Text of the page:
What are the symptoms and early signs of Alzheimer's disease?
Alzheimer's Reading Room
Also see - What should I expect from the Neurologist and a Memory Care Clinic
Most of the Alzheimer's caregivers I know can look back and identify symptoms and behaviors that they now know were early signs of Alzheimer's or a related dementia.
One of the things that Alzheimer's caregivers learn is that the sooner that Alzheimer's is diagnosed the better the potential outcome. A failure to spot Alzheimer's early can be disastrous.
10 Symptoms of Dementia and Early Stage Alzheimer's
- Diminished short-term memory
- Misplacing belongings in odd places; losing valuable belongings, like wallet or purse
- Difficulty finding the right word: "Tip of the tongue" syndrome
- Person seems "not himself" and shows uncharacteristic behaviors
- Lapses in judgment
- Difficulty with mental arithmetic and handling money
- Disorientation in unfamiliar places or situations
- May become apathetic or withdrawn, avoiding social situations
- More difficulty with routine tasks at work or at home, or may take longer to complete tasks
- Irritation or anger in response to increasing memory lapses
Specific Examples of the Symptoms and Signs of Alzheimer's
- Asks the same question repeatedly within the same conversation
- Puts car keys away in refrigerator
- Unable to recall word for "car" and then says in frustration, "The thing you drive to work in."
- A normally shy person becomes uncharacteristically outgoing or talkative at a family gathering
- Agrees to buy services or products he/she doesn't need from telephone sales person
- Finds it difficult to balance checkbook or figure out correct amount of money to pay for an item while shopping
- Forgets to eat, skips meals, or eats the same food every meal
How to Get Answers To Your Questions About Alzheimer's and Dementia
We have many people on this list that were fortunate and were put on the combination of Aricept and Namenda at the time of their diagnosis. All of these persons seem to be functioning quite well.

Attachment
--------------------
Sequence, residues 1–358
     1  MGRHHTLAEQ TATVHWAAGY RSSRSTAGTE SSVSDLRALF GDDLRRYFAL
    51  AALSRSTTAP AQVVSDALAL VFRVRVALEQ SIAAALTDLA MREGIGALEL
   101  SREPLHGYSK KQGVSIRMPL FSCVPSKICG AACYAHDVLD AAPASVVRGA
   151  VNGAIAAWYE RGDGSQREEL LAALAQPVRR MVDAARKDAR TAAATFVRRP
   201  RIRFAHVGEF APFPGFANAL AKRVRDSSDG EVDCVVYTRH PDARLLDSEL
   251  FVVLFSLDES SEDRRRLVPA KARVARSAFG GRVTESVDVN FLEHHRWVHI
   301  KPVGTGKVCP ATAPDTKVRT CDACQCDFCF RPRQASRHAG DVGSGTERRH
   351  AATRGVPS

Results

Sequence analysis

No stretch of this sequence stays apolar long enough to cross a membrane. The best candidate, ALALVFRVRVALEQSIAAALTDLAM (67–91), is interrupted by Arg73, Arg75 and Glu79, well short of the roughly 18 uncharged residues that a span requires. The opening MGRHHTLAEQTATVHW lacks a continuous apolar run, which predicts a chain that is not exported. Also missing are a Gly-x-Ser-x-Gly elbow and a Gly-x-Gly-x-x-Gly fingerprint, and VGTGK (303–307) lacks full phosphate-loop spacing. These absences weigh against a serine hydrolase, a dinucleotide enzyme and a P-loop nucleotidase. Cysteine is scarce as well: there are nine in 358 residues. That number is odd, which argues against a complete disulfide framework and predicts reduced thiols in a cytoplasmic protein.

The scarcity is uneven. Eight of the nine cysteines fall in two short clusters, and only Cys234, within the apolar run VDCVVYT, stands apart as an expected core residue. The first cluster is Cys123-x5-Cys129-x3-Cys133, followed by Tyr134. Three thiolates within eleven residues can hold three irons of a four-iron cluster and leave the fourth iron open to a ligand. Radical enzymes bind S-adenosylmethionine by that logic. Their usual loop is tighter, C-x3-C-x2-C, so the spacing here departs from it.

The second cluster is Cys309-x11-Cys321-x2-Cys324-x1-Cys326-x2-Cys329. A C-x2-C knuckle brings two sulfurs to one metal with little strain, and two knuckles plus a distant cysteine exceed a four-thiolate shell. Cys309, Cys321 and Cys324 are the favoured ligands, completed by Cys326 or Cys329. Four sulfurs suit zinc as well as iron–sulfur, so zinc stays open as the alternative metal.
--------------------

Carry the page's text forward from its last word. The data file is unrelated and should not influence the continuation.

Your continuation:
If I knew then what I know now, my mother would have been on the combination of Aricept and Namenda from day one -- Aricept and Namenda from Day One -- This is my Belief. It is my belief that all Alzheimer's caregivers should discuss the combination therapy with their doctor.
I also learned over the years that typically when an elderly person starts to act out behaviors that are early signs of dementia little or nothing is done. You often hear these words or explanation -- they are just getting old.
Personal care doctors are not good at diagnosing Alzheimer's and neither are spouses or children. This happens because Alzheimer's is usually hard to diagnose until a "big problem" or "big event" occurs that calls for an investigation into that problem or event.
Neither the doctors, spouses or children are to be blamed for the inability to spot Alzheimer's early. Alzheimer's disease, in most cases, sneaks in and is sinister in its ability to hide.
Alzheimer's can confuse anyone and everyone. It can even confuse a veteran Alzheimer's caregiver --
In an early stage of dementia a person can still function in a fashion that appears normal. Driving, shopping, living alone. However, their memory is deteriorating and they begin to evidence behaviors that are not "normal" even if they are "OLD".
The confusion about Alzheimer's like behavior occurs because early dementia is like a chicken/egg disease. What counts more? The bizarre behaviors like meanness, worries about money, shuffling the feet? Or, the perception that the person can function normally and perform tasks like driving and shopping? Most people will opt for a simple explanation -- they are just getting old. This explains the new and different behaviors they see.
I am in the habit of saying, if you are worried that there is something wrong there is something wrong. I came to this conclusion because I worried for years before finally taking action with my mother. I now know many caregivers -- they are me, and I am them.
The day you say to yourself, they are just getting old is the day to schedule memory testing and behavior testing by a specialist like a neurologist, or geriatric physician. You can ask your personal care doctor for the referral.
The symptoms and signs of Alzheimer's have been identified by observing people with Alzheimer's disease as a group. An individual may not show all of the symptoms in each stage of progression.
It may help friends and family to familiarize themselves with the typical stages of Alzheimer's disease so that they know what to expect in the coming years. The early/mild stage of Alzheimer's is characterized by declining ability to form new memories, impaired ability to organize and manipulate complex ideas, and, sometimes, by personality changes.
How Alzheimer's Destroys the Brain -- Video
Test Your Memory for Alzheimer's (5 Best Self Assessment Tests)
What is Alzheimer's Disease?
Coping with Dementia
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